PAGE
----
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Old 12-29-2010, 04:18 AM   #1 (permalink)
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Default grumpy husband

I'm hoping someone can give me a bit of help. My problems seem insignificant compared to most on this forum, but to me they are pretty major. The bottom line is that my husband seems to spend most of his time being a moany, touchy grouch. He seems to have the ability to turn almost anything into an opportunity to complain, moan or criticise. I've tried to look at my own behaviour to see if I am going wrong somewhere, but I honestly can't see that it has anything to do with me directly. I've read some stuff on how to go about improving marriages etc., and I've tried to ignore his grumpiness and look at the positive side of his character, but it's getting harder and harder for me to accept.

So my question is, should I tell him that he is becoming unbearable? I've tried to tell him in the past but he says that I'm over-sensitive. (Everybody knows him to be a "difficult" person, he can't get along with our 15 year old daughter at all, and on Christmas Day he said something hurtful and totally uncalled for and managed to fall out with our 21 year old son) Should I try harder to make him see that he is making my life miserable, or will this make things worse? Am I making a mountain out of a molehill?

I don't have anyone to ask for advice from, so anything anyone has to offer would be great.
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Old 12-29-2010, 04:45 AM   #2 (permalink)
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Default Re: grumpy husband

Has he had a physical lately? I'm guessing based on the age of your children that he is somewhere in his 40's. There are many possible physical reasons for him to become grumpy starting around this age (for example: stress, low testerone, not enough sleep, etc.). He may have always been a bit of a grouch but physical issues can aggravate the problem and make his behavior worse. I would encourage him to get checked with his doctor.
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Old 12-29-2010, 07:02 AM   #3 (permalink)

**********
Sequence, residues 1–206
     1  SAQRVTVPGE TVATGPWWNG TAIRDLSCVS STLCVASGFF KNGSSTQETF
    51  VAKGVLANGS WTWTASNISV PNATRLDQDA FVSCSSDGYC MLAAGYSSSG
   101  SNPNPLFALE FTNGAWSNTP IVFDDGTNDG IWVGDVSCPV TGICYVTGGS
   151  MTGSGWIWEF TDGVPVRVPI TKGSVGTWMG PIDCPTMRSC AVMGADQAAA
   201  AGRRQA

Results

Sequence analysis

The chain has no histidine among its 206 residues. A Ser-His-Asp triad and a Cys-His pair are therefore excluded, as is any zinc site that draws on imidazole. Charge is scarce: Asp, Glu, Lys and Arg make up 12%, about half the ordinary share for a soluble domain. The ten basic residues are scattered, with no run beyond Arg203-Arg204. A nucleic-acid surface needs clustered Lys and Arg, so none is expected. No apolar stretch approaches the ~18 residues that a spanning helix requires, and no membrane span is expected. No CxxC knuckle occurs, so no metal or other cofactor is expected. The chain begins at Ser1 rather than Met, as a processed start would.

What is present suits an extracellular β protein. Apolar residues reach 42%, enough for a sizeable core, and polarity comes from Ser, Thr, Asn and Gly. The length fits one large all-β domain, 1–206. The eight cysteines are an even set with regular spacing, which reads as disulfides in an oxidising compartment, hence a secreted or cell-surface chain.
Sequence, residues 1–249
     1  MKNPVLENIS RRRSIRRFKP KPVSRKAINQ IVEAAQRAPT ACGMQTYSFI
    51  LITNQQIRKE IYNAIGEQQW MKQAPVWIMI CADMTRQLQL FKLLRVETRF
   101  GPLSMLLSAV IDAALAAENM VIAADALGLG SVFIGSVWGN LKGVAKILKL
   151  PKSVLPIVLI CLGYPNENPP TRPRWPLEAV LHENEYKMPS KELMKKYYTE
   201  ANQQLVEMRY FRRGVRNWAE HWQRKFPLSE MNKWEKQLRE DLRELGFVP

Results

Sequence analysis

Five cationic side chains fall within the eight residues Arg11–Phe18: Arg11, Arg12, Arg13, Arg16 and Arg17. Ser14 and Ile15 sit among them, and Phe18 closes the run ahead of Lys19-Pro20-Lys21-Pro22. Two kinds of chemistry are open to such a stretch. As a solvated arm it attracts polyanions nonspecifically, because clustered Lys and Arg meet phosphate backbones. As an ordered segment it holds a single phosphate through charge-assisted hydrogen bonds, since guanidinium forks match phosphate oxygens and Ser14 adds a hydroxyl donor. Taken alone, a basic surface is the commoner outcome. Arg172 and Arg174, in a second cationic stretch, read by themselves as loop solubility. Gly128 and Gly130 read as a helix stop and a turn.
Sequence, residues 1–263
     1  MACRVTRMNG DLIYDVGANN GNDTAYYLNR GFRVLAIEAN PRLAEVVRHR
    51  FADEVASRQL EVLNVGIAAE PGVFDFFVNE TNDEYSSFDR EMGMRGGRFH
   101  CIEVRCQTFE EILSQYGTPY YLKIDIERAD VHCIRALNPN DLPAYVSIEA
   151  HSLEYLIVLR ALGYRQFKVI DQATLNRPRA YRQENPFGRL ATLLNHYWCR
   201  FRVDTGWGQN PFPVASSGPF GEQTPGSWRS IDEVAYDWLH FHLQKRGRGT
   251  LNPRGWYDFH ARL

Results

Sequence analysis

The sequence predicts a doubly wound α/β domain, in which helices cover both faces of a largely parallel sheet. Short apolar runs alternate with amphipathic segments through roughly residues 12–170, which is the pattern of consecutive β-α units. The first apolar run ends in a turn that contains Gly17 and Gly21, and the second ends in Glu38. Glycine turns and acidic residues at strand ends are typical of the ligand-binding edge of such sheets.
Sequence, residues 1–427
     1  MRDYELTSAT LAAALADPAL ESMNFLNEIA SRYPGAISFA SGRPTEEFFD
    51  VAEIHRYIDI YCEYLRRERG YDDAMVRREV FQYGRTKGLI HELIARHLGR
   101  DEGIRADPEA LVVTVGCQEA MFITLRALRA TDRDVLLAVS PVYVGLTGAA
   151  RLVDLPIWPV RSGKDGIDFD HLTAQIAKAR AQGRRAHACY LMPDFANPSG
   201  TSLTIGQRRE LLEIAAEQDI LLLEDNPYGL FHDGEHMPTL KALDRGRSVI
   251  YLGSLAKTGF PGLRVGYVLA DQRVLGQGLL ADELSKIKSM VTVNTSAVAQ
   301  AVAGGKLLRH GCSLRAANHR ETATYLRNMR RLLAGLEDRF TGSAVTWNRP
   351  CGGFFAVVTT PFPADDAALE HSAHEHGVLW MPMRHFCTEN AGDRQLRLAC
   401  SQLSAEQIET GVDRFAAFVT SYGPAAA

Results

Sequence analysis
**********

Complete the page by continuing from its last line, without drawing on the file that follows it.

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Default Re: grumpy husband

Quote:
Originally Posted by asteri View Post
I'm hoping someone can give me a bit of help. My problems seem insignificant compared to most on this forum, but to me they are pretty major. The bottom line is that my husband seems to spend most of his time being a moany, touchy grouch. He seems to have the ability to turn almost anything into an opportunity to complain, moan or criticise. I've tried to look at my own behaviour to see if I am going wrong somewhere, but I honestly can't see that it has anything to do with me directly. I've read some stuff on how to go about improving marriages etc., and I've tried to ignore his grumpiness and look at the positive side of his character, but it's getting harder and harder for me to accept.

So my question is, should I tell him that he is becoming unbearable? I've tried to tell him in the past but he says that I'm over-sensitive. (Everybody knows him to be a "difficult" person, he can't get along with our 15 year old daughter at all, and on Christmas Day he said something hurtful and totally uncalled for and managed to fall out with our 21 year old son) Should I try harder to make him see that he is making my life miserable, or will this make things worse? Am I making a mountain out of a molehill?

I don't have anyone to ask for advice from, so anything anyone has to offer would be great.
Listen, this is important. It happened to me. You not only should tell him your marriage is on the line unless he gets help for his depression, you have a DUTY to do so. You've got to give him a strong, clear warning, repeatedly if necessary. Not to do so, while letting your love die is neglectful on your part. The upside is that if he does not take action on this warning (give him every help and support with overcoming his issue, which may be health related)... or if he makes no valid effort, then you have strong cause to separate without undue guilt.
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Old 12-29-2010, 07:20 AM   #4 (permalink)
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Default Re: grumpy husband

If the grumpiness is that constant, and it's making you that miserable, then yes, you need to tell him, even if it causes a fight.

I understand your reluctance to cause an argument, but at the same time, you cannot and should not sacrifice your happiness just to keep the peace.

If he refuses to seek help, and/or insists this is just who he is, then you need to consider whether or not it's really worth this. I know you love him, and I know how hard it can be to leave someone you still love, but if you stay and allow him to continue to make your life miserable, eventually you will stop loving him and begin resenting him and that resentment will taint all of your memories of him.